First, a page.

COMMENT: Djokovic's mental strength has deserted him

Sport360's Reem Abulleil says Novak Djokovic looks a shadow of his former self after his Indian Wells loss to Nick Kyrgios.

Reem Abulleil
by Reem Abulleil
18th March 2017

article:18th March 2017

Tough time: Djokovic.
Tough time: Djokovic.

It’s not been going great for Novak Djokovic as of late and just when you think he is due a break and his luck might change, news emerges that his right elbow injury has flared up again and he might miss out on defending his title in Miami this week.

The past eight months for Djokovic have been a real mystery and while the high-speed train he was impersonating was bound to slow down, it is the stark contrast between his demeanour up until last year’s Roland Garros final and now that is most alarming.


His negative body language throughout his straight-sets defeat to Nick Kyrgios last week in Indian Wells was quite telling.

After losing to Kyrgios earlier this month at Acapulco, you expected Djokovic to come out with guns blazing against the Aussie in California.

There’s no shame in losing to the uber-talented Kyrgios the first time you meet him, but the fact that Djokovic – arguably the greatest returner in the game – was unable to create a single break point against him in their second encounter this month is bizarre.

Djokovic simply couldn’t get a read on the Kyrgios serve, which granted, sounds like an impossible task sometimes, but for so long, the Serb has been the embodiment of his shoe sponsor adidas’ cliche of a slogan: “Impossible is Nothing”.

What has happened to the warrior-like Djokovic who crushed opponents’ spirit with his unwavering refusal to lose a single match? Where are those primal growls he typically lets out when he misses one single groundstroke?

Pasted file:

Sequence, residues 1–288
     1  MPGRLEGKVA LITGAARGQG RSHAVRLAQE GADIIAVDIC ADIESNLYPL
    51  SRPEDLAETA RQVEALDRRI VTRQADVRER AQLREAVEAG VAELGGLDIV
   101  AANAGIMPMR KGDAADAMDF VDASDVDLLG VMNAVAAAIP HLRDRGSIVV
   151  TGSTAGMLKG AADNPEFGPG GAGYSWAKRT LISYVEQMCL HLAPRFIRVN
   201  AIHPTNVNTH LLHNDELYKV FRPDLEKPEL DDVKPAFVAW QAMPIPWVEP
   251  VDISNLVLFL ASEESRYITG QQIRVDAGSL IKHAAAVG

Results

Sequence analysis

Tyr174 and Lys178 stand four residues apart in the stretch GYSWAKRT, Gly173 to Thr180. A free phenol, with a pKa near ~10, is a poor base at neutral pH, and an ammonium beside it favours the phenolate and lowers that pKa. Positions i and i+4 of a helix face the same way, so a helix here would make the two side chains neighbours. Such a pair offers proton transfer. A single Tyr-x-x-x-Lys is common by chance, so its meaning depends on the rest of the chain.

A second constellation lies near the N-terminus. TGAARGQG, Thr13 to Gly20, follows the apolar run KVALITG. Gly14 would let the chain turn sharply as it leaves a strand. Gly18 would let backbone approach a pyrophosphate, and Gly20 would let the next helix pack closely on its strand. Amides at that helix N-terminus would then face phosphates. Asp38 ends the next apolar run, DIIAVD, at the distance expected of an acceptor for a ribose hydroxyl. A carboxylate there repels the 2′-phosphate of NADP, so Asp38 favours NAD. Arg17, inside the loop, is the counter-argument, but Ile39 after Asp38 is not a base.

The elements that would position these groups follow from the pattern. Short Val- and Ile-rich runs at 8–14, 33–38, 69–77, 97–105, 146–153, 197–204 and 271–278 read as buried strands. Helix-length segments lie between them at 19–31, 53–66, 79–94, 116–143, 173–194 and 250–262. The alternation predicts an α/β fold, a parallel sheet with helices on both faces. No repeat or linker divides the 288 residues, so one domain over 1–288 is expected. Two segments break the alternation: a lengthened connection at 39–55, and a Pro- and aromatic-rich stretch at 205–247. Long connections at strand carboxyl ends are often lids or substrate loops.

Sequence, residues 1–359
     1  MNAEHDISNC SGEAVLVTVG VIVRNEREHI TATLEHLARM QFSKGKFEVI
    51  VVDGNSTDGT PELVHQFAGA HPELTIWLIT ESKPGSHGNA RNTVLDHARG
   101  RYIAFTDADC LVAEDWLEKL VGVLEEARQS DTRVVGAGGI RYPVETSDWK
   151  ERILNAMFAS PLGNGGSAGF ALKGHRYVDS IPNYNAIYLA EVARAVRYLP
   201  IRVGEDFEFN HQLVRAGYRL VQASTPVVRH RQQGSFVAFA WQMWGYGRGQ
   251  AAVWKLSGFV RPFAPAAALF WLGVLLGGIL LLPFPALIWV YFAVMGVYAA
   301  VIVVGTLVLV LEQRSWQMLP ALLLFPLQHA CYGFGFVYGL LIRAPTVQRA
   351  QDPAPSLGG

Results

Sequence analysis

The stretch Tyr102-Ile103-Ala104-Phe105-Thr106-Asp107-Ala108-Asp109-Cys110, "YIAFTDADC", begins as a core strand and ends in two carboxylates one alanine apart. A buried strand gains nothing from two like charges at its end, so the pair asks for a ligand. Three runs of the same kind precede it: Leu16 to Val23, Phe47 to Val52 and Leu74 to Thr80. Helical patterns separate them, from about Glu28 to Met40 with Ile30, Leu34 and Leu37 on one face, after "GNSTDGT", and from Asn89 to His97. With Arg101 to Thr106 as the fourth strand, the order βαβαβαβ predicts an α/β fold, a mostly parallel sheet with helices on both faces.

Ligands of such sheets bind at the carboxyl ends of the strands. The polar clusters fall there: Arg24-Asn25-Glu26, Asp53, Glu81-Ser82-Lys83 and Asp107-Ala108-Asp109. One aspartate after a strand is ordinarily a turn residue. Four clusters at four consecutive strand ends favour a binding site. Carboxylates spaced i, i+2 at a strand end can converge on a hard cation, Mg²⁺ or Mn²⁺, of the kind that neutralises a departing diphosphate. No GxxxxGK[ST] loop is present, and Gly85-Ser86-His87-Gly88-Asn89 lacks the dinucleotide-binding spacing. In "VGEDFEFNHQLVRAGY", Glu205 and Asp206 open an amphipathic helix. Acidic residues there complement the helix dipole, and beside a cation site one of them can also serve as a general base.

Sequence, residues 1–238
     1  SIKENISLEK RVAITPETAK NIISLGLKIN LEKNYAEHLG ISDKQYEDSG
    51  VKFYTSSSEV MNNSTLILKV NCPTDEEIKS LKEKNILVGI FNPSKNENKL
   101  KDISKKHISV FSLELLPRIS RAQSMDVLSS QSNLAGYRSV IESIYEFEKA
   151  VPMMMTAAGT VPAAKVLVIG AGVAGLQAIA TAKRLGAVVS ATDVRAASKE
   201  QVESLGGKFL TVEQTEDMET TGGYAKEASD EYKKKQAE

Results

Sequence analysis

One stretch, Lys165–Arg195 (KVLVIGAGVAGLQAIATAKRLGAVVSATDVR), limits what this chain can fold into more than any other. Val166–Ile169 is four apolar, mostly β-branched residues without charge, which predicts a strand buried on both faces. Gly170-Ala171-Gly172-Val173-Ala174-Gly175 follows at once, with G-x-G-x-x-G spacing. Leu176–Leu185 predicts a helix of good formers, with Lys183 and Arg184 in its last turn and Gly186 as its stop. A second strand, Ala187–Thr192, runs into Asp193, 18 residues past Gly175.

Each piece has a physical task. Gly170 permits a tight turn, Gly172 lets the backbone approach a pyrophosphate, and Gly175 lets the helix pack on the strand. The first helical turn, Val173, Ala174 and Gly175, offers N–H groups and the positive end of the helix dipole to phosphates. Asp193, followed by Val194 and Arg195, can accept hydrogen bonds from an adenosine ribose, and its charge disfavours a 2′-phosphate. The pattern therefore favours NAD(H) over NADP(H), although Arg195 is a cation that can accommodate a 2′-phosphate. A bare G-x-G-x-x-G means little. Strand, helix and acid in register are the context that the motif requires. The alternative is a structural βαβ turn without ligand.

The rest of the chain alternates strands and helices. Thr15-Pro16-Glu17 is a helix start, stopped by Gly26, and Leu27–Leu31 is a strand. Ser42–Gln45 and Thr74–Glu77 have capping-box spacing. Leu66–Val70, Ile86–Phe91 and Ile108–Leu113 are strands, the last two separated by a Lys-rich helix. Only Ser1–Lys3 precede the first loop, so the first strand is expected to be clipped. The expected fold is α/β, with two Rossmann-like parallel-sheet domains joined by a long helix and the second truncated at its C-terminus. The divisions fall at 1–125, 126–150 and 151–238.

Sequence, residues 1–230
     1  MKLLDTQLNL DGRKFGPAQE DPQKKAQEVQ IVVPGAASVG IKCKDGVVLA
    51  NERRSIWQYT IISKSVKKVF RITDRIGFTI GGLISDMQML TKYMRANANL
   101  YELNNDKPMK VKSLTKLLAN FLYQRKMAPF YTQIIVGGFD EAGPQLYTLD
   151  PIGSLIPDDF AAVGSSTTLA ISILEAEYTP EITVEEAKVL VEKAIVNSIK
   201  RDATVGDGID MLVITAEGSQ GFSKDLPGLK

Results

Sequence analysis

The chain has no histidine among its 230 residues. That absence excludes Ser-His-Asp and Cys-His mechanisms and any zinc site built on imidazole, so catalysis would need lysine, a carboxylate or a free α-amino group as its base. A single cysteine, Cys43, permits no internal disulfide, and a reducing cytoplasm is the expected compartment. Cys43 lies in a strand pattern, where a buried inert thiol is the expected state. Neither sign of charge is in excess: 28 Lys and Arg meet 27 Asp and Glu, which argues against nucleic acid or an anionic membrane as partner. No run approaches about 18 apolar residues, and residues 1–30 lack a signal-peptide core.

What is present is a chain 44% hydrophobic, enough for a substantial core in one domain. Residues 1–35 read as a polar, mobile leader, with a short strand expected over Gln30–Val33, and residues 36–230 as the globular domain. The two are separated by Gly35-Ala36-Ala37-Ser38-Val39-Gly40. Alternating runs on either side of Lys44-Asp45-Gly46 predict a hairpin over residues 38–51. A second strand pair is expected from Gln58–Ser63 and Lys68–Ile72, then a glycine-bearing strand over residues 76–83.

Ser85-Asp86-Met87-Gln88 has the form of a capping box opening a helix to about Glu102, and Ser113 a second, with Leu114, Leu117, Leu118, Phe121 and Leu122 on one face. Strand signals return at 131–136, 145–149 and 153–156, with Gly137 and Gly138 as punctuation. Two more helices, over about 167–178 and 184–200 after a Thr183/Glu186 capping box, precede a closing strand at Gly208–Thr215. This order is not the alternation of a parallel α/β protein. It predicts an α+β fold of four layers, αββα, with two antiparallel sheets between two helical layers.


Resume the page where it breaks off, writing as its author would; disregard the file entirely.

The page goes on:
That version of Djokovic briefly appeared in January in Doha, when he saved five match points against Fernando Verdasco before he beat Andy Murray in the final. It made cameos in his three-set tussles with Juan Martin del Potro. But he hasn’t been around much ever since.

Instead, we saw a Djokovic who looked helpless and frustrated against a power-hitting Kyrgios, walking from one side of the baseline to the other between points while the Aussie dictated with his serve.

Tennis is about many things. It’s about match-ups and surfaces, tactics and mental prowess, injuries and pain, on-court performance and off-court preparation…

This attitude change from Djokovic on court feels more mental than anything else.

It’s true that he has encountered some trouble with his elbow, but if he was playing with anti-inflammatories in Indian Wells as reports are suggesting, why was he playing doubles with Viktor Troicki (they won two doubles ties before losing their quarter-final)?

Wouldn’t it have been wiser to rest his ailing elbow in between his singles matches?

Perhaps playing doubles with a close friend was Djokovic’s attempt to bring back some fun to his life on court.

He had spoken to Serbian media about how the extreme competitive mode he was in and the constant state of pressure he was under started to get to him.

There have also been rumours about personal problems affecting him last season. The true reasons behind his decline have not been openly discussed, but one thing is evident – that Djokovic’s issues seem far more mental or psychological than anything else.

Until that hungry, insatiable beast that was on the prowl up until last summer reappears, Djokovic’s rivals will keep getting more and more confident every time they face him.


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